Today’s home takes us to a beautiful winding country road in Alford, MA. Here, designer Jess Cooney worked with a couple from New York with two teenage sons. The family purchased this as their second home, and though the Berkshires are often thought of as a summer destination, they planned to use it for long ski weekends in the winter. The house was a new construction home being built by a married couple who parted ways during the building of the home, so it was left with unfinished elements such as trim and moldings, along with stocked cherry cabinets in the kitchen and a light blue glass tile backsplash. The mudroom was an empty sheet-rocked space with wood flooring and no storage. “Upon meeting the clients and their two teenage sons, I decided that the most important aspect to address in the home was the mudroom first and foremost, along with giving them plenty of storage in the living room, master, and the home office,” Jess tells us. “The wife responded instantly to my wanting to get the mudroom in order for her first. She knew that I understood the life of a mother picking up clothing and bags on the floor at all times and the struggle of having nowhere to put things when your family, children, etc., arrive home.”

Jess added a walnut sliding door to separate the kitchen from the mudroom for the colder weather and seasons. She also wisely removed the wood flooring in the mudroom, opting for porcelain tiles with radiant heat. Custom walnut cabinetry was installed in the living room, master, mudroom, and home office. Jess explains, “Our goal was to bring organization and function to the home and take away the feeling of the newness and sheet-rocked walls by starting with a foundation of the walnut built-ins throughout and adding texture and softness, while keeping the lines clean and modern.”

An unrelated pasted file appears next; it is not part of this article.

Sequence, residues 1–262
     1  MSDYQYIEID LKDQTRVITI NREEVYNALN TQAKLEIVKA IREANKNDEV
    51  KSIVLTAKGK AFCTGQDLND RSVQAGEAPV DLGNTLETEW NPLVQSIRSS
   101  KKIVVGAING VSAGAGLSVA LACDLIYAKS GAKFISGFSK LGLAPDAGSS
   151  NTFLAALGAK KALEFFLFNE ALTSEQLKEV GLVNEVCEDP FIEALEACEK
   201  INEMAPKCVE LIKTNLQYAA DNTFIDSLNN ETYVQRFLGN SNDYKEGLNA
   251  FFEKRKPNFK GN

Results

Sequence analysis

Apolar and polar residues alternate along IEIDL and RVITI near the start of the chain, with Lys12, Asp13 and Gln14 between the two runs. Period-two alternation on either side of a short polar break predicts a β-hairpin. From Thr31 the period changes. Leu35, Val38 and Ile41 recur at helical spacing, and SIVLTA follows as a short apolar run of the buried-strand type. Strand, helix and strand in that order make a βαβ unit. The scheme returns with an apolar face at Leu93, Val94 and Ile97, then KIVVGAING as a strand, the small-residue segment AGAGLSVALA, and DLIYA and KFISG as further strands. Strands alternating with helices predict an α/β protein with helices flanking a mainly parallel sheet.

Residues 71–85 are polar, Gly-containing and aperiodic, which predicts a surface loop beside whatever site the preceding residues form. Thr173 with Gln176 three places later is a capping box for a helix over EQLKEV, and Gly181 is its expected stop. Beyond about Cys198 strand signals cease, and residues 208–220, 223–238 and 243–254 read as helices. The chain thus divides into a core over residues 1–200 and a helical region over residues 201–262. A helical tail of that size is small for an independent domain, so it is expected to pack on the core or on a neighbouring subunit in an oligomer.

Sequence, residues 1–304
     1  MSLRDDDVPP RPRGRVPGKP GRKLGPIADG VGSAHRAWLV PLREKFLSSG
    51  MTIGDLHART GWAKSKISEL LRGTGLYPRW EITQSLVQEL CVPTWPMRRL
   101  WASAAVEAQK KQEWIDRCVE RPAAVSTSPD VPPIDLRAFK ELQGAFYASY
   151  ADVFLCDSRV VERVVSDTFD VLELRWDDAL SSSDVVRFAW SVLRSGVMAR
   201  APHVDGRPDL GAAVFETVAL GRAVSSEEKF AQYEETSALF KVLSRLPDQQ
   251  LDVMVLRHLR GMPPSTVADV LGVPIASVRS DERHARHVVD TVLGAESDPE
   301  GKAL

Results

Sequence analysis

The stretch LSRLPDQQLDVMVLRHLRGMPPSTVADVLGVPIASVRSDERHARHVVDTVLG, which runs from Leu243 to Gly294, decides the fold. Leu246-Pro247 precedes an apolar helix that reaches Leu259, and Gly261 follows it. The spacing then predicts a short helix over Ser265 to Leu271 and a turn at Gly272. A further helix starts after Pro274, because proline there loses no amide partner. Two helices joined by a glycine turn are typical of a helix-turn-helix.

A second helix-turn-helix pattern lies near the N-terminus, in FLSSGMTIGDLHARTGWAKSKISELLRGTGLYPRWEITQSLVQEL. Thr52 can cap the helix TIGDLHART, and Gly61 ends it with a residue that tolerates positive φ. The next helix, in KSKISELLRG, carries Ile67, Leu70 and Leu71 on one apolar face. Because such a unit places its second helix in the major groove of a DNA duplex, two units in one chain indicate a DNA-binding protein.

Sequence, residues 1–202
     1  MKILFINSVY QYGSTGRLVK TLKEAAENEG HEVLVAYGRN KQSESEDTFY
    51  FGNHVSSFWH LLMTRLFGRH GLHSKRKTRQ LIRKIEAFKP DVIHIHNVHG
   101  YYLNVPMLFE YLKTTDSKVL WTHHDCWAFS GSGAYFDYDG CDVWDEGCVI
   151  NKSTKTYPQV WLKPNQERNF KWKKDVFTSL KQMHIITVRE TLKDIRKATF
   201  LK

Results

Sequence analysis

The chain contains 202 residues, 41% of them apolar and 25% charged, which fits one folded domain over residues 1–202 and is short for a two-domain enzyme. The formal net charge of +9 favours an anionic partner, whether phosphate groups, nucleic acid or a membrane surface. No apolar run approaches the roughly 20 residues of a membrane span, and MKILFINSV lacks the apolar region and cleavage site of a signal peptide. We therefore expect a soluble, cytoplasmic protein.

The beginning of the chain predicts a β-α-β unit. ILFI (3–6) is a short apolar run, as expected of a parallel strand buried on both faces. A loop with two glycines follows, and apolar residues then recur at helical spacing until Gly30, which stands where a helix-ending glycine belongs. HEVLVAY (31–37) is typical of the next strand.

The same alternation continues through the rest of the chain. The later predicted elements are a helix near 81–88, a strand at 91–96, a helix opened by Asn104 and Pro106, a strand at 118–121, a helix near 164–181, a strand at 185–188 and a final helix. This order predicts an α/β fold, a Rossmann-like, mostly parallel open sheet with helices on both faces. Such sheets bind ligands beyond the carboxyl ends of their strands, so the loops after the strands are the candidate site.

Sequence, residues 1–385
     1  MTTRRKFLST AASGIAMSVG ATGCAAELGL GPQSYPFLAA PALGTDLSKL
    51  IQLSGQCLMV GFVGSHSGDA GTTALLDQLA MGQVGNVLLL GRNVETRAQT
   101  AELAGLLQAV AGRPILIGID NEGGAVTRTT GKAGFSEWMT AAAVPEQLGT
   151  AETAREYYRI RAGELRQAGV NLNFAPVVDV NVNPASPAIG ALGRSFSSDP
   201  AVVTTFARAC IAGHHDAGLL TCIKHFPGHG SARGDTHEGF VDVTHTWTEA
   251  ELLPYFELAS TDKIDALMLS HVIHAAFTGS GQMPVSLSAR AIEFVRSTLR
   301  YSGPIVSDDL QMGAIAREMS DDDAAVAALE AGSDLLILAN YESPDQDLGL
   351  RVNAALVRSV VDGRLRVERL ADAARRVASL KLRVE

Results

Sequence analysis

The space is very cold-weather appropriate, yet isn’t at all depressing thanks to Jess’s addition of warmth, texture, and interest with wallpaper, warm wood tones, and Pietra Cardosa material on the fireplace, along with stacked stone. “We wanted to keep the space modern, while still allowing for warm tones and textures to shine through,” she says. “We tried to keep a more monochromatic scheme to give off a relaxing feel, while also using layers of texture within the palette.”

Another savvy design element was the use of wallpaper. “We wanted to add a softness to the master bedroom with the high ceilings and large open space,” the designer recalls. “We also wanted to bring the outside views in and treat them as if they were the art in the space – using the deep blue grasscloth paper brought a softness to the space while drawing in the outdoors. In the summer, the greenery pops and in the winter, the white snow is beautiful with the blue backdrop.”

See the space in the slideshow below.